why I’m grateful for my secular university education

In the Christianized subculture where I spent much of my childhood, characterized as it was by social conservatism and a sometimes thoughtful but often reactionary approach to cultural critique, there was frequent discussion of “liberal,” “secular” higher education and its evils. My parents and their friends were understandably apprehensive of college campuses. Whatever your background, you can easily imagine why the idea of thousands of 19-year-olds living together, under the tutelage of hundreds of self-proclaimed Marxists/feminists/atheists/fill-in-the-blank-ists who profess to offer exclusive access to knowledge, enlightenment, and humanism, would be distasteful to conservative evangelical parents.

But, I never fit in very well with the Christianized subculture in which I came of age, familiar as it was. I had no desire to stay within it in adulthood, because of its flaws and my own flaws working in synchrony. Thus, I never considered attending a religious university, and set my sights on UC San Diego (its department in my field of study is well-renowned, and I love my home city). Now, this side of graduation, I’ve identified some specific reasons for why I’m so grateful for that choice.

**My goal here is to articulate gratitude, not to make a comparison or persuasive argument.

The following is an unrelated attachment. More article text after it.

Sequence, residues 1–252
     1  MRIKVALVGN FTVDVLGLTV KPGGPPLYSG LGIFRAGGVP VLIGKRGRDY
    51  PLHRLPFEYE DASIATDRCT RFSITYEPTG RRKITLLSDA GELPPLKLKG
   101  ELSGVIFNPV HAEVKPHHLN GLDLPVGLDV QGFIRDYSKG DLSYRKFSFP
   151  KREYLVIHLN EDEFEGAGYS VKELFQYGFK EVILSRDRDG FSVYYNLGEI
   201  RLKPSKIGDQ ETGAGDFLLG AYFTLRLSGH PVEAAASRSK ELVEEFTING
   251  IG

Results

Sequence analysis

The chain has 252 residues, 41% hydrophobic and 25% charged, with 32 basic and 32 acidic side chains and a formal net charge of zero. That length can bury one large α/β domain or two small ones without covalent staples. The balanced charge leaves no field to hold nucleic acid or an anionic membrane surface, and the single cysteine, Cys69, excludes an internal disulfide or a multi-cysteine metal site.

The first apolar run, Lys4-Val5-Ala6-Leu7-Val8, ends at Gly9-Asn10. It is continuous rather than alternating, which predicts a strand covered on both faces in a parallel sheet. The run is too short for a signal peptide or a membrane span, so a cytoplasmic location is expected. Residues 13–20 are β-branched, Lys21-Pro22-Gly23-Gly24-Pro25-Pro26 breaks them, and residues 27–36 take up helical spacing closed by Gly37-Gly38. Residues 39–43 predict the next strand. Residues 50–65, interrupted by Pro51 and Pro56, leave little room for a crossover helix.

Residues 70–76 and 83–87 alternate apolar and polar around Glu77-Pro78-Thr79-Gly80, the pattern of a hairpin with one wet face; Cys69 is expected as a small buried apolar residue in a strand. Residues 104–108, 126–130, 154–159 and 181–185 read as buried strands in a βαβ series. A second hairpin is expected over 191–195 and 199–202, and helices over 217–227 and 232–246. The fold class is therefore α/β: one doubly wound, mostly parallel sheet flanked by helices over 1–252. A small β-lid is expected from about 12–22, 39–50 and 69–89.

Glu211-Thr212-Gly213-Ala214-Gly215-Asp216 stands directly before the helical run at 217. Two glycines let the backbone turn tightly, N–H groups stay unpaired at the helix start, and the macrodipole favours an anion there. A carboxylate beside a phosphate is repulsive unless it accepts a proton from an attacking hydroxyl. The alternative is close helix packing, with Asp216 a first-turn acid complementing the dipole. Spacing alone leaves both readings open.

My liberal, secular higher education taught me how to speak English the way normal people do. While there is certainly a place for the rich terminology granted to us by our biblical, theological, and ecclesial traditions, there exists in American Christendom a particular social dialect that is often unintelligible to outsiders. A lot of it is shorthand drawn from biblical imagery, as when you hear people say “a seed was planted.” That means that some portion of Christian teaching was shared with a non-Christian, with the hope that said person’s interest in Christ will grow over time. Like jargon everywhere, it serves the functional purpose of allowing people to say what they mean with brevity. But, it also creates the impression that the world of Christians who are fluent in the jargon is a different world from the one where the rest of us live. It can also prevent us from actually thinking through what we mean. Much of the time, phrases and idioms are parroted without understanding. My time at university forced me to avoid the American Christian dialect and taught me how to express my beliefs in everyday English.